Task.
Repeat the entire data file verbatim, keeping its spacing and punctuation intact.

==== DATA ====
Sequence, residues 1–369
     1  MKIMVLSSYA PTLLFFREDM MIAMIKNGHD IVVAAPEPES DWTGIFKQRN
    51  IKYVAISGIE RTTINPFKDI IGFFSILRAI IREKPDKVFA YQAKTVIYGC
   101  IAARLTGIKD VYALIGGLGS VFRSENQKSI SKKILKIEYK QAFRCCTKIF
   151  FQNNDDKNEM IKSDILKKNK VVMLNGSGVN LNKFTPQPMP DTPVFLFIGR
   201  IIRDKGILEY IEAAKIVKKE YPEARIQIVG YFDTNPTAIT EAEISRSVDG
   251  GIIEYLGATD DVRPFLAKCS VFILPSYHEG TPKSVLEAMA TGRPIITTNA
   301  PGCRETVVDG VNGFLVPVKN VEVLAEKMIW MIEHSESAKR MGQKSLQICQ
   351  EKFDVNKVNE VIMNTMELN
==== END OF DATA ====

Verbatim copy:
Sequence, residues 1–369
     1  MKIMVLSSYA PTLLFFREDM MIAMIKNGHD IVVAAPEPES DWTGIFKQRN
    51  IKYVAISGIE RTTINPFKDI IGFFSILRAI IREKPDKVFA YQAKTVIYGC
   101  IAARLTGIKD VYALIGGLGS VFRSENQKSI SKKILKIEYK QAFRCCTKIF
   151  FQNNDDKNEM IKSDILKKNK VVMLNGSGVN LNKFTPQPMP DTPVFLFIGR
   201  IIRDKGILEY IEAAKIVKKE YPEARIQIVG YFDTNPTAIT EAEISRSVDG
   251  GIIEYLGATD DVRPFLAKCS VFILPSYHEG TPKSVLEAMA TGRPIITTNA
   301  PGCRETVVDG VNGFLVPVKN VEVLAEKMIW MIEHSESAKR MGQKSLQICQ
   351  EKFDVNKVNE VIMNTMELN